Last August, Simon Amor reached the summit of rugby sevens by guiding his Great Britain players to the sport's inaugural Olympic Games final in Rio de Janeiro.
The England head coach, and glittering former captain, launched his own playing career some two decades ago at the Rosslyn Park National Schools Sevens.
And it was fitting that earlier this month the 37-year-old swapped the Deodoro Stadium for a field in south-west London to spend three days poring over the thousands of schoolchildren hoping to emulate their Olympic heroes in the latest edition of the biggest rugby tournament in the world.
Amor, whose side are currently second in the HSBC World Rugby Sevens Series with six of the 10 rounds gone, was enthused by what he witnessed, and believes the grass roots of rugby have been liberally fertilised by his beloved sport's star turn in Rio.
"The growth of sevens has been enormous in recent years, and there is no doubt Olympic exposure has helped," he said from the HSBC-sponsored Rosslyn Park National Schools Sevens, which saw an unprecedented 9,000 boys and girls, aged between 13 and 18, take the field across the five days.
"On the circuit, the sport is growing so quickly, and it's impossible not be excited in the atmospheric, sold-out venues. It's wonderful to see the buzz, inside the grounds and on social media, too.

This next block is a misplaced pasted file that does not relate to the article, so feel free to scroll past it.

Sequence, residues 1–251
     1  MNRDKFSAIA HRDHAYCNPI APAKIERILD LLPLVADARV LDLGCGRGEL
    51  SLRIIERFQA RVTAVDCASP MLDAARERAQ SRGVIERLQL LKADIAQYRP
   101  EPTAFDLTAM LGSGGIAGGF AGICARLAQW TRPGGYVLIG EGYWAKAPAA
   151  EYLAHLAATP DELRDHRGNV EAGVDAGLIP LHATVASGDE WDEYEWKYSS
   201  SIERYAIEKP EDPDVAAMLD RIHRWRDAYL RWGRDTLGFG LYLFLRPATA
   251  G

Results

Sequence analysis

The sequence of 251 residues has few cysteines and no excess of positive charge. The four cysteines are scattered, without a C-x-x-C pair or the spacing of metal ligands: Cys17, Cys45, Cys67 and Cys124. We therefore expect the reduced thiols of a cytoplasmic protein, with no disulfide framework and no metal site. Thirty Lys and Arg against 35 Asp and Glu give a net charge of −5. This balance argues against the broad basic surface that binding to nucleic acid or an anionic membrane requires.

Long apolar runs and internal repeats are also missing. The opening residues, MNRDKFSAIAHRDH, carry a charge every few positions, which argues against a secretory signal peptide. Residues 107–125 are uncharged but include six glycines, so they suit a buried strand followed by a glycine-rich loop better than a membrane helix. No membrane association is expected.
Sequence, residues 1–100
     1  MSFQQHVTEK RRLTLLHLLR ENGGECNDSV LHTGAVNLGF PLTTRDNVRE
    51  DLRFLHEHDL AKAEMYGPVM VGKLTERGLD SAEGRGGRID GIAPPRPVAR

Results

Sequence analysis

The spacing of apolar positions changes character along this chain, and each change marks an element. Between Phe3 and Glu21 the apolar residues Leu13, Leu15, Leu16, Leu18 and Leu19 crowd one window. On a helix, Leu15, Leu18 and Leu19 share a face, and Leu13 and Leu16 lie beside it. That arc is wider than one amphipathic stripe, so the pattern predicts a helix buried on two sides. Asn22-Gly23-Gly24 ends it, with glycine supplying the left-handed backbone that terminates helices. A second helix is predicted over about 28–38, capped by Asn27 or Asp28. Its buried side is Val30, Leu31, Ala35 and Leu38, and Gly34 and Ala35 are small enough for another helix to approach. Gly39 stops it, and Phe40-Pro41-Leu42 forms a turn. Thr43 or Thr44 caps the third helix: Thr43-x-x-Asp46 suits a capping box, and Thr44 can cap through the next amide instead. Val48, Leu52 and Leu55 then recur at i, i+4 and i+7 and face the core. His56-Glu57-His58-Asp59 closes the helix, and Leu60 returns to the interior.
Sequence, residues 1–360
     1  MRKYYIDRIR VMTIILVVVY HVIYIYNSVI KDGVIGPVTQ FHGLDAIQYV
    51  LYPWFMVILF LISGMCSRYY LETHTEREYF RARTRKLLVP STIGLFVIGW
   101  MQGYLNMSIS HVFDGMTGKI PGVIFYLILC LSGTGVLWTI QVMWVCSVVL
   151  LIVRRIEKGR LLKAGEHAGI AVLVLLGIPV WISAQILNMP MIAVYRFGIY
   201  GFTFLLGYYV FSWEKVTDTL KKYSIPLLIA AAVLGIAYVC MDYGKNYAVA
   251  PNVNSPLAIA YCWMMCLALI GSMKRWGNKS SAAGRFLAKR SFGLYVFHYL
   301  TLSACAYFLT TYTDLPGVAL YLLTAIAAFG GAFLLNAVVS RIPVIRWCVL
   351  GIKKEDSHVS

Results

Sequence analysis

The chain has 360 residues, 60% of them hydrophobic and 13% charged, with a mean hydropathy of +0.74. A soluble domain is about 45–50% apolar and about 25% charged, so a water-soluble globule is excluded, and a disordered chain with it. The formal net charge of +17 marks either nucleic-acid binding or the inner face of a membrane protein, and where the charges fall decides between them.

"And it's brilliant to see youngsters looking to emulate the international stars, which was obvious at Rosslyn Park. I did a bit of scouting to find the next big things, and there was so much talent.
"The Olympics has had a definite impact in terms of the quality of rugby sevens players. It has filtered down, and changed the style from old-school sevens. There was some excellent team rugby on view; players were taking opponents on, there were offloads, good passes, good tackles. It really has improved, and it's so exciting."
A World Rugby survey suggested that seven's eye-catching performance at the Olympics generated almost 17 million more fans around the globe. Amor's employers, the Rugby Football Union, have been quick to capitalise on that success and sought to nourish the grass roots.
On the back of Rio the RFU announced a partnership with 15 universities across the land, agreed to provide increased funding to support player, coach and facility development; four (Durham, Northumbria, Loughborough, and Bath) will offer specialist sevens programmes. Talented players now have a pathway to international stardom, and a number of players - including Harry Glover (Newcastle University), Will Edwards, and Charlie Kingham (both Loughborough University) - have featured for the England Sevens Academy this year while still studying. Edwards even competed in the most recent Sevens Series leg in Vancouver, which Amor's side won.
Further, a much-extended 24Sevens competition, open for all community clubs and new and existing sevens teams, is expected to significantly boost participation figures in England.
With the backing of the RFU and aided by HSBC's continued investment in grass roots initiates across the globe - including the Rosslyn Park tournament - as well as title sponsorship of the Sevens Series, the short- and long-term future for England looks incredibly promising.